Why it matters: GlobalFoundries is suing TSMC, the largest semiconductor manufacturer in the world, for patent infringement which in itself would be no cause for alarm. However, this could easily turn into an ugly showdown where TSMC would have to pay a hefty sum and many consumer electronics we take for granted would be banned from sale.

The US-based semiconductor foundry is taking the Taiwan Semiconductor Manufacturing Company to court on two continents. Globalfoundries announced the lawsuits earlier today, and alleges that 16 of its patents were infringed upon by TSMC. The bigger problem though is that it has also requested an import ban that could affect several fabless industry giants who depend on the Taiwanese foundry for important components that power their products.

Both GlobalFoundries and TSMC manufacture chips for third parties. The latter captured about half of the total market share with sales of $7 billion in Q1 2019 alone, if you go by TrendForce. The complaints cite several prominent TSMC customers such as Apple, Nvidia, Cisco, Google, Lenovo, Broadcom and Qualcomm, who design chips that go into a big part of all consumer electronics made today, from iPhones to graphics cards, laptops, routers, you name it.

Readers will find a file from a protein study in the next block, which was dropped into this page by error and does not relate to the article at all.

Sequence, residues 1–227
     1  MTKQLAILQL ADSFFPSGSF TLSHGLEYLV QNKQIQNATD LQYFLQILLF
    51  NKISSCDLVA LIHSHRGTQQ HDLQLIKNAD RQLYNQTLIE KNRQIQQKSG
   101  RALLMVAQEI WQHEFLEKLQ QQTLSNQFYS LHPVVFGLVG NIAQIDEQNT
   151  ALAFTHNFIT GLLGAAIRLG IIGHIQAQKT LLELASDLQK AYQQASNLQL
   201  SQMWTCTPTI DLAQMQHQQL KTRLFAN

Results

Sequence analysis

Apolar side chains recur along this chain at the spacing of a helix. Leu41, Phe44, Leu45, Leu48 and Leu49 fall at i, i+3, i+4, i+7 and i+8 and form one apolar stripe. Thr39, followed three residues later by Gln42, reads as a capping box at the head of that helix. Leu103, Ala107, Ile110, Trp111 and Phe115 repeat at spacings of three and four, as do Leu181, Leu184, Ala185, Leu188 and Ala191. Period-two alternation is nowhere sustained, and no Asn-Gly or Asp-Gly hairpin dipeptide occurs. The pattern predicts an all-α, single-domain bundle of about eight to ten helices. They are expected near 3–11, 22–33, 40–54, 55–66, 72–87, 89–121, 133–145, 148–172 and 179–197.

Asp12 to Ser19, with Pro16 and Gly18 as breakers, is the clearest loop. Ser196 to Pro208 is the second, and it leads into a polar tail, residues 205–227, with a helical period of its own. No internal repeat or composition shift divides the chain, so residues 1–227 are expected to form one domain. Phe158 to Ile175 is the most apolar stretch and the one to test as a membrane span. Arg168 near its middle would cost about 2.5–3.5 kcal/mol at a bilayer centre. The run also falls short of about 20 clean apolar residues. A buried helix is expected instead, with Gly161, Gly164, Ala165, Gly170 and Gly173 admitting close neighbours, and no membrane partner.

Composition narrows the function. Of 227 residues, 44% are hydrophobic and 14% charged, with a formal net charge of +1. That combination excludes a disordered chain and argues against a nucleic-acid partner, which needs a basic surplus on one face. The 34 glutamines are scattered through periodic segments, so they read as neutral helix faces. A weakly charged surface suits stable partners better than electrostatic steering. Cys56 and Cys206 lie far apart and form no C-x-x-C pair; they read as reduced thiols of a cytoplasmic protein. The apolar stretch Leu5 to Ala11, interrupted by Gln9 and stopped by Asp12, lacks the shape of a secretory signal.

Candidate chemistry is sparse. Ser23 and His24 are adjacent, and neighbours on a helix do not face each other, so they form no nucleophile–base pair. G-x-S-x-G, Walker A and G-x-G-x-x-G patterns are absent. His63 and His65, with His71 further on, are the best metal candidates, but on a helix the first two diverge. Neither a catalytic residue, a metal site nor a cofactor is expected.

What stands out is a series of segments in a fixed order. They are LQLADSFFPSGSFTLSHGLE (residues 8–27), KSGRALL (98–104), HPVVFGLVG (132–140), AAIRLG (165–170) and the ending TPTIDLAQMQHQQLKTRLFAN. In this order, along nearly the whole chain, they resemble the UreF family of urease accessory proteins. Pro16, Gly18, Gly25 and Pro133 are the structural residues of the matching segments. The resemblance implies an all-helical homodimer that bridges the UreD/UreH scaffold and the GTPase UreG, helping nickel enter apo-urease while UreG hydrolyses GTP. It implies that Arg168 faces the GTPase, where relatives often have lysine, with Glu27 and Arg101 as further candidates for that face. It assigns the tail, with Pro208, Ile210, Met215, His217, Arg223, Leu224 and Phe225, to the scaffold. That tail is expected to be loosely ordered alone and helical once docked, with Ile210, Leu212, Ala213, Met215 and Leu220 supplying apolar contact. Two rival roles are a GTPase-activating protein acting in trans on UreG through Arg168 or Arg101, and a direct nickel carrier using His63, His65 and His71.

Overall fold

The import ban requested by GlobalFoundries would have dire implications on the supply chain of TSMC's clients, especially in the context of an already hostile trade relationship between the US and China. The patents mentioned in the lawsuit cover fundamental manufacturing techniques used in silicon chip manufacturing, and most of them are related to the 7 nanometer process node.

Interestingly enough, last year saw GlobalFoundries abandon its 7nm goals, which is also why AMD tapped TSMC for its newer chips. And since both TSMC and Samsung have capital expenditures that greatly surpass that of GlobalFoundries, the company is now trying to use the legal approach. That's why it selected courts that are more likely to approve import bans -- Qualcomm also used them against Apple to stop the sale of iPhones in a lawsuit that was eventually settled.

GlobalFoundries says it's seeking significant damages from TSMC for "unlawful use of GF's proprietary technology in its tens of billions of dollars of sales." The company claims to have spent over $21 billion in innovations and manufacturing facilities in the US and Europe, and that it wants to protect those investments. If the courts find the allegations have merit, TSMC would likely have to settle for a large sum of money or pay hefty royalties to continue using GlobalFoundries' patented technologies.